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Chicago – Burmese-born American mixed martial artist of ethnic Kachin descent, nicked named “Burmese Python”, said to one of his Rohingya fans, “We are one.”

He expressed this solidarity in response to the fan’s support, who told the former that he and his friends are proud of the Burmese Python.

He posted this on his Facebook page, Aung La Nsang(Burmese Python) with a photo with the fan who unexpectedly met and served N Sang at Romano’s Macaroni Grill, O’Hare Intl Airport of Chicago, where he works, while N Sang was leaving for South Dakota for hand surgery.

N Sang writes “I’m in Chicago Airport this morning because I’m flying to South Dakota for my hand surgery and I walked into a restaurant and my server is a Rohingya from Myanmar. And he told me him and his friends are so proud of me. I’m so happy to have met this young man and I wish him nothing but happiness and success. #weareone

Impressed by the random meeting of the Burmese Python, the Rohingya fan called Faisal A. Parvez, a server Romano’s Macaroni Grill, he also posted with same photo “Guys! Let’s guess!! who is this gentleman on my left?”

But mentioning of the term ‘Rohingya’ sparked disagreement among some followers of the page and shortly after the posting Sang edited the post to omit the term, perhaps, to avoid further controversy, as follows:

“I’m in Chicago Airport this morning because I’m flying to South Dakota for my hand surgery and I walked into a restaurant and my server from Myanmar. And he told me him and his friends are so proud of me. I’m so happy to have met this young man and I wish him nothing but happiness and success. #weareone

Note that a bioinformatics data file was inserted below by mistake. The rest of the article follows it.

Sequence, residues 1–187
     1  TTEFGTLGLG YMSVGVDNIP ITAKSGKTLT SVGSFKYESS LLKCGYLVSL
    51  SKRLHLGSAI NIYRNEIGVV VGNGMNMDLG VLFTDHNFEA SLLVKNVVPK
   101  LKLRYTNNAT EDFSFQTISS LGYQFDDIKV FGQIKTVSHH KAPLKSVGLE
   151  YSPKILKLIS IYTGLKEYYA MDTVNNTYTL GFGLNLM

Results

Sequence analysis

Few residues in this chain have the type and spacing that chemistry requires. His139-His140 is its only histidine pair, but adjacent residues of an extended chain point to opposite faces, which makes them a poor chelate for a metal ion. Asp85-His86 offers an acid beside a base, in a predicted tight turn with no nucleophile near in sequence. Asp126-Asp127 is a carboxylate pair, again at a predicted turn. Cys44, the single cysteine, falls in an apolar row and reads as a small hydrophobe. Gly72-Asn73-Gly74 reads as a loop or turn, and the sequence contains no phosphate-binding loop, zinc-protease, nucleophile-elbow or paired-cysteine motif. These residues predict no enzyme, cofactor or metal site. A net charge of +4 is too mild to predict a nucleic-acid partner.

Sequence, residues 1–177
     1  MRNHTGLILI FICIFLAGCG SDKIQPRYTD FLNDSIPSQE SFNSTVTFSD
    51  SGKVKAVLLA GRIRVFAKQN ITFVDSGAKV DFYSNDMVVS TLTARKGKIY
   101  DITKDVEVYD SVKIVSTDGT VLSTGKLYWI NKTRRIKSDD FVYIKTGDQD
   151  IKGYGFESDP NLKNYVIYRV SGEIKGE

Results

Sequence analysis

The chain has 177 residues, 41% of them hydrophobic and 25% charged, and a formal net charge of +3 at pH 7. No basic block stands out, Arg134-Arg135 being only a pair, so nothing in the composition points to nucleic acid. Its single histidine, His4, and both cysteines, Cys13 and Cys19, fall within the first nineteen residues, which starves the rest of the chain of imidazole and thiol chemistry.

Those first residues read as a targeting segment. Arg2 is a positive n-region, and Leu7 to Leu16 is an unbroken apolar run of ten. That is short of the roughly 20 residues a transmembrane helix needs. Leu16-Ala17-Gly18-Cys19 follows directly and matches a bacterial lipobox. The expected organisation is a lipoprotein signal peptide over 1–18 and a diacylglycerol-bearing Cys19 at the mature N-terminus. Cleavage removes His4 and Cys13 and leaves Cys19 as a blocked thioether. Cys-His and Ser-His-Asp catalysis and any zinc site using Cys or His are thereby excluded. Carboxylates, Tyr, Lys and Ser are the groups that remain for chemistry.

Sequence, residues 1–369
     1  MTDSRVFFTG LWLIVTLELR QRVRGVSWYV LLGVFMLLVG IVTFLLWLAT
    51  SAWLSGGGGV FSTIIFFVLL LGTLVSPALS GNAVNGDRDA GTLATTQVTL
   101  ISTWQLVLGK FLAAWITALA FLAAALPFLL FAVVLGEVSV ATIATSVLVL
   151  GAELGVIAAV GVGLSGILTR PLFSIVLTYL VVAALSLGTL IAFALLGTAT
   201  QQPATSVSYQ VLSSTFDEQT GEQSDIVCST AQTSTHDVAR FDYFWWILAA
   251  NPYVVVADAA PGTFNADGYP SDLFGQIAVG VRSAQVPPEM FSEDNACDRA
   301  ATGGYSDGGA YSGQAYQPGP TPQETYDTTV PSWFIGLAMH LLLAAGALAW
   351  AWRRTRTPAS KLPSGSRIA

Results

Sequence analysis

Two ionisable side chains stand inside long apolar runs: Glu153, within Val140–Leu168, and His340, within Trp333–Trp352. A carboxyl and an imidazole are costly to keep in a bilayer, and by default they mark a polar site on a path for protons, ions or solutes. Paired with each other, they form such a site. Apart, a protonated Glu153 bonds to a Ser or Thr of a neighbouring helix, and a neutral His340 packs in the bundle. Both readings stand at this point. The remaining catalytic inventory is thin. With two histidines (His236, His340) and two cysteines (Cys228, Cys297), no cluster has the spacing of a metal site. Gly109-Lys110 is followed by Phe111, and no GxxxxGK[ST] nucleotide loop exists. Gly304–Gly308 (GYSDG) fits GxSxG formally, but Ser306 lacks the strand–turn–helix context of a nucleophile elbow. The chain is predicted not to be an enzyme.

Consequently, many people in the page criticized the act, while others considered his situation as an excuse acknowledging and praising the hero’s initial democratic attitude and mindset and humbleness.

Peter Kyaw commented “I’m proud of you too. But you shouldn’t remove the word of “Rohingya” in your post that you just mentioned at first.” Kyaw is right as it is a question of authenticity.

Later on, the post transformed into a topic of debate between supporters and opposers of Rohingya.

Michael Arez, a Rohingya well-wisher and supporter, said “Of course bro, we entire Rohingya proud of you for having such a great fighter like you in our country🇲🇲. You are our pride, honour, always make us proud and gratify us by your phenomenal achievements. Thanks bro for recognizing us with our identity. We are one. 💪 Best of luck for upcoming match. #BurmesePython.”

Yuna Kyaw said “There are no Rohingya in Myanmar. We never accept them as one of us. You really shouldn’t say that.Some people might misunderstood you. But anyway I love you and you are my hero brother❤”

Aung Kyaw Moe said “Racism has to be end bro. Please show moral leadership. The self identity is a very basic human right.”

Zin Yaw said “You said the word Rohingya is very sensitive word in myanmar. So please be carefully.”

Many racist commentators, who don’t understand English and rely on FB automatic translation, look happy with the post as it mistranslated the prays included in the post as ‘curse’ in Burmese.

Aung La N Sang, according to his personal and professional website, started training Mixed Martial Arts (MMA) while studying at Andrew’s University. He continued training and competing as he completed my studies in Agriculture and earned my Bachelors of Science Degree. He became a professional MMA fighter on May, 21, 2005. Since then, He has worked and studied MMA for thirteen years. He is now a two division, World Champion in ONE Championship, holding titles in the Middleweight and Light Heavyweight divisions.

Aung La N Sang can feel pains of Rohingya more than those negative commentators as he belongs to Kachin, one of the minorities of Myanmar long-discriminated against and long-persecuted by Bamar majority.

Faisal A. Parvez is a Rohingya expelled from his native country like many other Kachin people, and resettled in United States, where he and N Sang enjoy the human rights fully and equally, but not in Myanmar.

Not only Parvez but also every Rohingya love and support the Burmese Python, and wish him wellness, as their comments in the post show.